In Bar’s vision, Jewish settlers who so wish can remain in Palestine, Israeli and Palestinian citizens would have privileged access to holy places, tourism, trade and academia in each other’s territory. Gaza would revert to the Palestinian Authority, the PA would establish a municipal body in Jerusalem and the status quo on the Temple Mount would remain as is.
Some of the plans focus on ways to get talks restarted; others on a vision of permanent status both sides could live with.
Labor’s Omer Bar-Lev, for example, has a plan for intermediate steps to create conditions for the restoration of trust and reopening negotiations for two states. As a show of good faith, Israel would halt construction outside the large settlement blocs, expand the scope of Palestinian civil control in area B of the West Bank and set up a special fund to transfer settlers in isolated settlements to the large settlement blocs. Bar Lev also suggests pressing the idea of demilitarization of Gaza in return for massive development.
President Reuven Rivlin takes a longer view. His plan is for a final peace arrangement that finesses many of the problems inherent in the two-state model: an Israeli- Palestinian confederation. There would be two states, two constitutions, two parliaments and one army – the IDF. Under this plan, Palestinians would have full citizenship and individual rights, Israel full security. The IDF would not have to withdraw and settlers would not have to be moved. Some Israelis could live in Palestine with Israeli citizenship and some Palestinians in Israel with Palestinian citizenship. Rivlin’s plan has the backing of some leading left-wingers, including former Meretz leader and Oslo architect Yossi Beilin.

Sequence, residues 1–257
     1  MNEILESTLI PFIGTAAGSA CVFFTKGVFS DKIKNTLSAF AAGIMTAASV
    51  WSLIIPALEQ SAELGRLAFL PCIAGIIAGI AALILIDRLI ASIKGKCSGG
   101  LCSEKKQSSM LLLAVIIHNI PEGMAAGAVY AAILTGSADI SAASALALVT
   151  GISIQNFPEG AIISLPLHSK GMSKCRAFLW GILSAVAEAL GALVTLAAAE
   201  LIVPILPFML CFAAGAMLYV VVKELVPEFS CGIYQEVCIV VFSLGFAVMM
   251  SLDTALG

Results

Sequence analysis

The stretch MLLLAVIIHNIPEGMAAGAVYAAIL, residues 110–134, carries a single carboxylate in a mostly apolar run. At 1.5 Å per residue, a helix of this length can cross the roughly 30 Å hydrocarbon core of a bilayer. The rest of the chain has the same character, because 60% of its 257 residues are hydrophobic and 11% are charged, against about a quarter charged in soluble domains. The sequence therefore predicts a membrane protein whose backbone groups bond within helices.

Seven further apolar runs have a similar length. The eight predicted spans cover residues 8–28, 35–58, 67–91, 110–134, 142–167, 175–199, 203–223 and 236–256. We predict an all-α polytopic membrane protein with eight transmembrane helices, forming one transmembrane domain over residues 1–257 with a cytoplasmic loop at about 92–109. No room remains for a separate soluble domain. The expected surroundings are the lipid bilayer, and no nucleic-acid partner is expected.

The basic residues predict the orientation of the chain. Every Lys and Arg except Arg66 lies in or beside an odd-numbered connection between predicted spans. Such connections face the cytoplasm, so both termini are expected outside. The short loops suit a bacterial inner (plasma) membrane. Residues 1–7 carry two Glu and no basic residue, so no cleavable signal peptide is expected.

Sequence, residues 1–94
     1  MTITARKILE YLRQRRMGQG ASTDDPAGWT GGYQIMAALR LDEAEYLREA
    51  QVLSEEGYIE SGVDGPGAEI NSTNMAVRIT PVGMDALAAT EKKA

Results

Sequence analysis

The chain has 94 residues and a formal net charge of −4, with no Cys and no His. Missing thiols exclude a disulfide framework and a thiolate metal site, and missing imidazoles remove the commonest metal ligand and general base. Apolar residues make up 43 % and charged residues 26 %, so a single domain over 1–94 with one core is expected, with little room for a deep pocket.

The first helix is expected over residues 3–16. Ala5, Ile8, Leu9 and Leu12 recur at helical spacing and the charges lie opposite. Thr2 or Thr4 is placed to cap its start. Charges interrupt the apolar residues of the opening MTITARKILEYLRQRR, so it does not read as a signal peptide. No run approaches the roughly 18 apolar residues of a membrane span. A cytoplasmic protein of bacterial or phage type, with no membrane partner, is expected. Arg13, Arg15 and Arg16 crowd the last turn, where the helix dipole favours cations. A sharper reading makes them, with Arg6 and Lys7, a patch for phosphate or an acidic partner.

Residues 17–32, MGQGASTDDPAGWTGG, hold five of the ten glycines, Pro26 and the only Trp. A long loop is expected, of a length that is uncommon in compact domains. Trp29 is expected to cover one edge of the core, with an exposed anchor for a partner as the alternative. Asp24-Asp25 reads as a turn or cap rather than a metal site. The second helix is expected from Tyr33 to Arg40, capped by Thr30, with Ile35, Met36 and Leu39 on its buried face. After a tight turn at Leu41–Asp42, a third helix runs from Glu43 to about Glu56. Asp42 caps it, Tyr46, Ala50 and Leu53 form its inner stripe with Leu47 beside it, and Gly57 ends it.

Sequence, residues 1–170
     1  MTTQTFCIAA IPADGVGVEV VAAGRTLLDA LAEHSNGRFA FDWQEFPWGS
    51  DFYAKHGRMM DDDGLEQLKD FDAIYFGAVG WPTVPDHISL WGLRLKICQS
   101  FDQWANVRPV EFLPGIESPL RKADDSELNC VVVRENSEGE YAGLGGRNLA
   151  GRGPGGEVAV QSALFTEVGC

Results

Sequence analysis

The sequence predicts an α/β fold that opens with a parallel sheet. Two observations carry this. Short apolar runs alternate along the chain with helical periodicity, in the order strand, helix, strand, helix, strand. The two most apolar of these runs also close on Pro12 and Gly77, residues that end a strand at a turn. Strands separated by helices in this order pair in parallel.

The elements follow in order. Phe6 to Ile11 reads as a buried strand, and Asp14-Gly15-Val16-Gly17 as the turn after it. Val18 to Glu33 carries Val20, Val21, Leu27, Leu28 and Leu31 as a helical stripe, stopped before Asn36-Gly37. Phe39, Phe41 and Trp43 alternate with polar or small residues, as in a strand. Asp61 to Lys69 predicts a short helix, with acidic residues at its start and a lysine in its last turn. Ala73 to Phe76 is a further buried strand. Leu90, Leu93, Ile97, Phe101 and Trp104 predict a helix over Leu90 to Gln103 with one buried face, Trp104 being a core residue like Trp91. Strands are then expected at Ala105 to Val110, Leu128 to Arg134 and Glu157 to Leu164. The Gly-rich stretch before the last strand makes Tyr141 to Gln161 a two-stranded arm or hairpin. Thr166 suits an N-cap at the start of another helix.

Most Israelis and Palestinians are highly skeptical of the chances for success of any diplomatic initiative. A kind of fatalism is setting in that both peoples are destined to confront each other one way or another ad infinitum. Netanyahu’s recent comment that Israelis are destined to live by the sword forever encapsulates the mood.